1 Chronicles 24:3–4: “Then David with Zadok of the sons of Eleazar, and Ahimelech of the sons of Ithamar, divided them according to the schedule of their service. There were more leaders found of the sons of Eleazar than of the sons of Ithamar, and thus they were divided. Among the sons of Eleazar there were sixteen heads of their fathers’ houses, and eight heads of their fathers’ houses among the sons of Ithamar.”December 7th, 2013 by Pastor Ed in devotional
The priestly duties were divided into 24 divisions: 16 for Eleazar and 8 for Ithamar. Each served for a week, twice a year. In the New Testament Gospel of Luke, almost 1000 years later, we find that the Levite priest Zacharias was serving in the temple, according to the divisions David had set up here in this chapter. Many believe that the heads of these 24 divisions were the chief priests so often spoken of in the New Testament. Obviously David was hearing correctly from the Lord since 1000 years later God was still blessing the system he initiated. The concept that our actions, the work of our hands, can have an impact for years to come is often forgotten in our modern world of fast food and 3-minute car washes. What might God want us to do today that will leave a godly, lasting impact on others?
Many years ago, Christian professor Stuart Blackie of the University of Edinburgh was listening to his students as they presented oral readings. When one young man rose to begin his recitation, he held his book in the wrong hand. The professor thundered, “Take your book in your right hand, and be seated!” At this harsh rebuke, the student held up his right arm. He didn’t have a right hand! The other students shifted uneasily in their chairs. For a moment the professor hesitated. Then he made his way to the student, put his arm around him, and with tears streaming from his eyes, said, “I never knew about it. Please, will you forgive me?” His humble apology made a lasting impact on that young man. The story was told some time later in a large gathering of believers. At the close of the meeting a man came forward, turned to the crowd, and raised his right arm. It ended at the wrist. He said, “I was that student. Professor Blackie led me to Christ. But he never could have done it if he had not made the wrong, right.” Sometimes simple humility and admitting to someone that you are wrong may provide an opportunity to lead them to salvation.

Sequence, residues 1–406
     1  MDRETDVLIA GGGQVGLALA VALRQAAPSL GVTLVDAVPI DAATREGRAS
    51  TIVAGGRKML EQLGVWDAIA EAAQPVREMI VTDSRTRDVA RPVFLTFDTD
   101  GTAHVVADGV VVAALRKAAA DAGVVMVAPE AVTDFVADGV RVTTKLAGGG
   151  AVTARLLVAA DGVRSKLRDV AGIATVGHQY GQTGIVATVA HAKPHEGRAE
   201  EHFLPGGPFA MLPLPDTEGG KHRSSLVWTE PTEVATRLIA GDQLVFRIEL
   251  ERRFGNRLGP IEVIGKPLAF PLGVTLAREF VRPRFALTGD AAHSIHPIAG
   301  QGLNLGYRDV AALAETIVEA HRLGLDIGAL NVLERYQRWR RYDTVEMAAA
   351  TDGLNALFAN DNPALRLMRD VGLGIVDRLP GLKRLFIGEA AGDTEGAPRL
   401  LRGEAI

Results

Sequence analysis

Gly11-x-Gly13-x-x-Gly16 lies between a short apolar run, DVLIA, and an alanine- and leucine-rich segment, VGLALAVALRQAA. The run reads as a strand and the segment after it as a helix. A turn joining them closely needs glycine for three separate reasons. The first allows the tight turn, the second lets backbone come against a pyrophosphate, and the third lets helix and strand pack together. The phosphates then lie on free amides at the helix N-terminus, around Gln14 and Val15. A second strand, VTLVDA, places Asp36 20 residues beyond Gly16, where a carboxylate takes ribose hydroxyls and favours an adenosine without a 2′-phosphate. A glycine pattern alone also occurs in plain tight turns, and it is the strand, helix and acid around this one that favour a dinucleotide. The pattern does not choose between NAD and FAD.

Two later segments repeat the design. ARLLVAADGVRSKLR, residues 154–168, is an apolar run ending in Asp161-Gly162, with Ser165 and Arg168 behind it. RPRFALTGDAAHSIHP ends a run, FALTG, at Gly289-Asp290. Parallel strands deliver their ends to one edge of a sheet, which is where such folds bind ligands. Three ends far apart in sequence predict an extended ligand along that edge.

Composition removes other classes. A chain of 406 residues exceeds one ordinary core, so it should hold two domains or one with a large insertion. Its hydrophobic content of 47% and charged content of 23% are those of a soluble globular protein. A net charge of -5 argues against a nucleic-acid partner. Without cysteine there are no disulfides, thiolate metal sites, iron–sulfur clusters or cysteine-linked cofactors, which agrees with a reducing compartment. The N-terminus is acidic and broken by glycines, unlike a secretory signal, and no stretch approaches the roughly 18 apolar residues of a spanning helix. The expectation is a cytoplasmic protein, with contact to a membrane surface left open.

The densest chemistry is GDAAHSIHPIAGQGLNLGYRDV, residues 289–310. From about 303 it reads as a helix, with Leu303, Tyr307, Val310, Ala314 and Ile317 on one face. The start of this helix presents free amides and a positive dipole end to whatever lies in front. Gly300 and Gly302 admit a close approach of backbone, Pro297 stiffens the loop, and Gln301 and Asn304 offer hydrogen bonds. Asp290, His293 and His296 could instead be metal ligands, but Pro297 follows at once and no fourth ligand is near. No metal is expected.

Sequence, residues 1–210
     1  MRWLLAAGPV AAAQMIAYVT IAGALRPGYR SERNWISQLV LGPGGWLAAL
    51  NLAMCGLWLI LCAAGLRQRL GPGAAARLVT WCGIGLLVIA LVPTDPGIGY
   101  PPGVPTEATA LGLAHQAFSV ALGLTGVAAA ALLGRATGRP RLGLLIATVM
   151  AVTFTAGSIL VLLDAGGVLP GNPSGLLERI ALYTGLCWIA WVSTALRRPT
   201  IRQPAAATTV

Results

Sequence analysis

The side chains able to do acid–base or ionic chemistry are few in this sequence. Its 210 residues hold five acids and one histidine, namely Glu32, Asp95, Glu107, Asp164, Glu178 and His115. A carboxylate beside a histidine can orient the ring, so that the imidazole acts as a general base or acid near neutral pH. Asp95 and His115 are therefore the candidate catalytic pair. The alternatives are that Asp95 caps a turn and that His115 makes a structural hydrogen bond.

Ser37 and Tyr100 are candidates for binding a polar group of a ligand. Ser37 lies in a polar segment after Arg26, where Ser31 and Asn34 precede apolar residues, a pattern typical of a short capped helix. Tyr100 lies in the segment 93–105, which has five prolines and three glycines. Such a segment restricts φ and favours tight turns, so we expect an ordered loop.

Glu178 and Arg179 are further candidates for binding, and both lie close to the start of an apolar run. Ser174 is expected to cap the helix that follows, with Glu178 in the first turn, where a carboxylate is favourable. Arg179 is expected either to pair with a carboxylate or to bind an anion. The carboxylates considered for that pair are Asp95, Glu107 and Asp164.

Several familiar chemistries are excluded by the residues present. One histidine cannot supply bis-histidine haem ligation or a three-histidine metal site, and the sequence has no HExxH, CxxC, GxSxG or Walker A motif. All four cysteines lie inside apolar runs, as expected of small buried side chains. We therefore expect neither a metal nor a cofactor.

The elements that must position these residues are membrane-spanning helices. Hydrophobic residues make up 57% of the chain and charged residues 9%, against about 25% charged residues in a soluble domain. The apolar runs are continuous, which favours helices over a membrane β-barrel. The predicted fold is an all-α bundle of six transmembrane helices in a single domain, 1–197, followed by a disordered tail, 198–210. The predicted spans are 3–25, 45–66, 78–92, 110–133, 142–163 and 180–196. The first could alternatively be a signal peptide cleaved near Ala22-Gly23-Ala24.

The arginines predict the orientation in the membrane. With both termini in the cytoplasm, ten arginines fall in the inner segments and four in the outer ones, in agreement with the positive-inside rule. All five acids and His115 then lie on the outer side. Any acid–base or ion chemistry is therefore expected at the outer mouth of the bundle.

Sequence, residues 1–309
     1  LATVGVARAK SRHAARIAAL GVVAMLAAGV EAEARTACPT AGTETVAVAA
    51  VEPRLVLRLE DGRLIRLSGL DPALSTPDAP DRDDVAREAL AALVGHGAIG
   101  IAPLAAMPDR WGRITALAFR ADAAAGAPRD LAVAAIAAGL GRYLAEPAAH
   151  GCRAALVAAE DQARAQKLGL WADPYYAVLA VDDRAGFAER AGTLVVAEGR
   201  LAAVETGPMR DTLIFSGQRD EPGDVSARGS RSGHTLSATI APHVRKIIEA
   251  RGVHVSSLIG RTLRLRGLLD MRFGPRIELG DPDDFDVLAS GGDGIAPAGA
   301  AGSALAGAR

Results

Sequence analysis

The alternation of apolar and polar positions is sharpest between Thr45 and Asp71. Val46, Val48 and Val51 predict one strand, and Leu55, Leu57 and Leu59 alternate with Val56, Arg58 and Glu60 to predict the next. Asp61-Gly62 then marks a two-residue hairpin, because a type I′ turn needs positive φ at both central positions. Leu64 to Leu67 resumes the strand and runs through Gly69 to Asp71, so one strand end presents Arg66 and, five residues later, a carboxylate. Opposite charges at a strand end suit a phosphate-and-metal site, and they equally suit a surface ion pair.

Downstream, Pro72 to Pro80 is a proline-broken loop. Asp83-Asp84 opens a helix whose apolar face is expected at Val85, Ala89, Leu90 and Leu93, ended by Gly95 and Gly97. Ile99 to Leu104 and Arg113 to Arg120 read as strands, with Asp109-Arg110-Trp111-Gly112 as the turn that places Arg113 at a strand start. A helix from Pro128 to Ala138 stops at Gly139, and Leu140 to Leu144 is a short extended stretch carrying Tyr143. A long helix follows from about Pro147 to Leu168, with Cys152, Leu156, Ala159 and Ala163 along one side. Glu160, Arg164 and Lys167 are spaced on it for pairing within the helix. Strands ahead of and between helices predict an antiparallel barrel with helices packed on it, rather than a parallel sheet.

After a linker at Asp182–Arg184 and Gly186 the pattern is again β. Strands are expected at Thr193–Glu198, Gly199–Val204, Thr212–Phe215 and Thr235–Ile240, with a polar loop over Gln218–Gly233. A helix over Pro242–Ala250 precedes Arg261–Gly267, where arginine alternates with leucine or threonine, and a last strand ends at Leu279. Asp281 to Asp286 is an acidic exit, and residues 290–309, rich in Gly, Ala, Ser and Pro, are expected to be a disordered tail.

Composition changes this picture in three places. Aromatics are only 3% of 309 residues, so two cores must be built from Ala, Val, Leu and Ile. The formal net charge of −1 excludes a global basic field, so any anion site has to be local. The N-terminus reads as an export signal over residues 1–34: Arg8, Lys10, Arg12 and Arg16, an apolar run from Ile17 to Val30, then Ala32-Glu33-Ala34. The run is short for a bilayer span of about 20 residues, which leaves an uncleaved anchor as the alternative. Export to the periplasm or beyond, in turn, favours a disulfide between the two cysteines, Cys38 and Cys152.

“LORD, lead us today into an opportunity where we can leave a lasting impact on someone else for eternity.”